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  • br Experimental Procedures br Author Contributions

    2019-07-12


    Experimental Procedures
    Author Contributions
    Acknowledgments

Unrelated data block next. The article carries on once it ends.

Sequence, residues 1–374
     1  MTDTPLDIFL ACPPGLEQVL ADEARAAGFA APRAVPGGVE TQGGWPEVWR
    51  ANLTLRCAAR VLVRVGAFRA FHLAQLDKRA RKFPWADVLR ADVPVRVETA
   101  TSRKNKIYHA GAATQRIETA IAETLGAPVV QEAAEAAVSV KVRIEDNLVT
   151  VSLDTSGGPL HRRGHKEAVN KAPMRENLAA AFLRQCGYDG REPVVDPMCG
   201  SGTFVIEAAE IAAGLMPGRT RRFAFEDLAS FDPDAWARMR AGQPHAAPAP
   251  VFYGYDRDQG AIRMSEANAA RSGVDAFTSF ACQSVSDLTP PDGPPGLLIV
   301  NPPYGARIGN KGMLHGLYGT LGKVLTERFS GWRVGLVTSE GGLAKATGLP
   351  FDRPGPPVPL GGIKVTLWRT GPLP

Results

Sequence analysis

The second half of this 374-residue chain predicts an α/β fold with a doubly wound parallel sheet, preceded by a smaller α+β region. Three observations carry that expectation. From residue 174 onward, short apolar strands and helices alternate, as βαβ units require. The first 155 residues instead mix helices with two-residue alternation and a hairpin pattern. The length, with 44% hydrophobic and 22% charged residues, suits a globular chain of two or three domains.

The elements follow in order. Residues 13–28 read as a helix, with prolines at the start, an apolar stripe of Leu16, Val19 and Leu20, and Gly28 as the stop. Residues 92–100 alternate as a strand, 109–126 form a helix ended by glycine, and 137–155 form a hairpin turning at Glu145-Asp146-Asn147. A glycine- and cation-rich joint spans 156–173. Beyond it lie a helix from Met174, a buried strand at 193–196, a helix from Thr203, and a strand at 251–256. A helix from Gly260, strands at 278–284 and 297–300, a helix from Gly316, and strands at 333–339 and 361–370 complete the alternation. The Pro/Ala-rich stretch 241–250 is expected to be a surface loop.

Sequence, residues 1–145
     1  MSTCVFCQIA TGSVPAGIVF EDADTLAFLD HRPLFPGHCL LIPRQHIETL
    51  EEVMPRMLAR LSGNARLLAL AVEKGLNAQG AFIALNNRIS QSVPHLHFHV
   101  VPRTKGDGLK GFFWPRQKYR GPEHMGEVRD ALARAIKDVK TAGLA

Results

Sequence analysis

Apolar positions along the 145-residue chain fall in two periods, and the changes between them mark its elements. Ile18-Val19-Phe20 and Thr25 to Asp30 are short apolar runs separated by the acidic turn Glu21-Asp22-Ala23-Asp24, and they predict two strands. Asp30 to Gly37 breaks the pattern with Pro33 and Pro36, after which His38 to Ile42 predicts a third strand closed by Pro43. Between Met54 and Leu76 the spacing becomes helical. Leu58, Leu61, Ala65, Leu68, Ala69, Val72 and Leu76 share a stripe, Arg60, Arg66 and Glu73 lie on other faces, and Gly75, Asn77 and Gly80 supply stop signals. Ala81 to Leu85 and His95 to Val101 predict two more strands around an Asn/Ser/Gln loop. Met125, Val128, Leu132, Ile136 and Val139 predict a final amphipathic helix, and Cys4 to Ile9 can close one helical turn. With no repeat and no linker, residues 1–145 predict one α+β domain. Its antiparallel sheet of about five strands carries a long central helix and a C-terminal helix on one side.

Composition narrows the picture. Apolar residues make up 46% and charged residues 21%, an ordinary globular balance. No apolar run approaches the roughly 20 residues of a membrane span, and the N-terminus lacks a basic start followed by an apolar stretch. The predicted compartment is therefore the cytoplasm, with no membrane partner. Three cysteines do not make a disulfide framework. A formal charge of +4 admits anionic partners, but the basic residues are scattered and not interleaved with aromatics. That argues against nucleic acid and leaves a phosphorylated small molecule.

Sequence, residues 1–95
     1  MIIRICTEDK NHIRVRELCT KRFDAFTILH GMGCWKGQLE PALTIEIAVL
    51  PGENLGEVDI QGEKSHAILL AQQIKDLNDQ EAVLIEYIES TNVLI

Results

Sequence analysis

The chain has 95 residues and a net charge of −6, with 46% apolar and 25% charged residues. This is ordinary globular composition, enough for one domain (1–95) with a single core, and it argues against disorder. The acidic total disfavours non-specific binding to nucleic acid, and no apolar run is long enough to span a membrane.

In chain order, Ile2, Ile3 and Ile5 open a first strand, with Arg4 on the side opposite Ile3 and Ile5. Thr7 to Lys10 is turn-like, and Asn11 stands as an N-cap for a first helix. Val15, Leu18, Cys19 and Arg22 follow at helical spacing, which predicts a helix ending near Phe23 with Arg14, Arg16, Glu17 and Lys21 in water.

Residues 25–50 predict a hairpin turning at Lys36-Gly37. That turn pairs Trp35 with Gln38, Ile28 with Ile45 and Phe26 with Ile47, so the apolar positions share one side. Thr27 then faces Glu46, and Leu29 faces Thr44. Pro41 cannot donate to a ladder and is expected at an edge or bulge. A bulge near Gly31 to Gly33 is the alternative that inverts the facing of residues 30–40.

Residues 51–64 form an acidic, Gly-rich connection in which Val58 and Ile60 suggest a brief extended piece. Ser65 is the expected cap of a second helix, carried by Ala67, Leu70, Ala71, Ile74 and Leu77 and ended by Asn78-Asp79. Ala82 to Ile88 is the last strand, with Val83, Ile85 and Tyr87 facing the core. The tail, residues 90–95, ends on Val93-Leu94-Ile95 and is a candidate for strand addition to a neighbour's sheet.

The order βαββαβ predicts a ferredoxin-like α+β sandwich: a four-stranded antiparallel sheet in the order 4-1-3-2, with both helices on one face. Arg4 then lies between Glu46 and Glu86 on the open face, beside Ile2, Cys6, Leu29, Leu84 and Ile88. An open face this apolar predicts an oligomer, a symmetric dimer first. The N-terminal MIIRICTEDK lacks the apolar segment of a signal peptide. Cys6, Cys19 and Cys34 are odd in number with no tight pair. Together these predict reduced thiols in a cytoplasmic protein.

Introduction Estrogen-related receptors (ERRα, ERRβ, and ERRγ) are orphan nuclear receptors whose physiological ligands have not yet been identified. Although ERRs are closely related to estrogen receptors (ERs) they do not respond to estrogens [1]. ERRs share a comparable modular structure with the classical ligand-regulated nuclear receptors such as steroid hormone receptors, thyroid hormone receptors, retinoid receptors, and vitamin D receptor. They thus consist of a centrally located conserved DNA-binding domain (DBD), a carboxyl-terminal ligand-binding domain (LBD), and a variable amino-terminal domain (NTD). The LBD folds into a three-layered sandwich structure composed of 12 α-helices (H1–12) forming a hydrophobic ligand-binding pocket [2]. In liganded nuclear receptors, ligand binding induces a conformational change in the LBD switching it from an inactive to an active conformation that allows interactions with transcriptional coactivator proteins. Interactions between the LBD and coactivator proteins involve the H12 containing the activation function-2 (AF-2) [3]. In PNU-120596 molecular to the liganded nuclear receptors, structural studies have confirmed that the LBDs of ERRγ and ERRα adopt an active conformation and interact with coactivators in the absence of any bound ligand [4], [5]. In line with this, ERRs activate transcription constitutively in reporter gene assays [1]. Their transcriptional activities are enhanced by the coactivator PGC-1 that was proposed to act as a protein ligand for ERRs [6]. In addition, the activity of ERRγ has also been shown to be modulated by cross-talk with other transcription factors [7], [8], [9]. Taken together, these observations suggest that the activities of ERRs are regulated by coactivator concentration or cross-talk with other transcription factors rather than by ligand binding. The recently published crystal structures demonstrated that the ligand-binding pockets of ERRα and ERRγ are extremely small compared to the pockets in liganded nuclear receptors because the ERR ligand-binding pockets are partly filled by lipophilic side chains [4], [5]. Ligand binding was predicted to displace H12 from the transcriptionally active conformation and thus to have an inhibitory rather than an activating effect on ERRs. Indeed, most of the identified synthetic ERR ligands act as inverse agonists. The ER agonist diethylstilbestrol (DES) deactivates all three ERRs and the selective ER modulator 4-hydroxytamoxifen (4-OHT) binds to and inactivates ERRβ and ERRγ [10], [11], [12]. The crystal structures of the ERRγ LBD in complex with DES and 4-OHT showed that binding of these inverse agonists resulted in rotation of the side chain of F435 and that the new rotamer of F435 displaced H12 from its agonistic position [13], [14]. Recently, certain flavonoids were reported to inhibit the transcriptional activity of ERRγ by suppressing the interaction between ERRγ and the coactivator PGC-1α or by promoting the degradation of PGC-1α [15]. Zuercher et al. [16] reported however the identification of a synthetic ERRγ agonist GSK4716. Binding of GSK4716 to ERRγ caused rearrangements in the LBD that allowed the formation of a larger ligand-binding pocket and subsequently, ligand binding did not displace H12. Binding of GSK4716 led to global stabilization of the ERRγ LBD [14]. This demonstrated that it is possible to design and identify agonists for ERRγ. Although most ERRα ligands act as inverse agonists, certain phytoestrogens have been shown to be ERRα agonists [17]. Because of similarities between the ERR-family members, we have investigated whether these plant estrogens were also able to stimulate the transcriptional activity of ERRγ. Phytoestrogens are plant-derived polyphenolic non-steroidal compounds that have estrogenic properties [18]. The main classes of phytoestrogens are lignans and isoflavones. Lignans, found in cereals, fruits, and vegetables, are metabolized by intestinal bacteria to enterolactone and enterodiol. Soybeans are a rich source of isoflavones. The principal isoflavones are genistein and daidzein. Daidzein is further converted to equol by gut microflora but this conversion has a high inter-individual variability [19]. Equol has been shown to have higher estrogenic activity than the precursor compound daidzein [20]. The interest in phytoestrogens has been increasing due to their suggested beneficial health effects. Phytoestrogen rich diet appears to reduce the risk of cardiovascular disease, osteoporosis as well as breast and prostate cancer [18].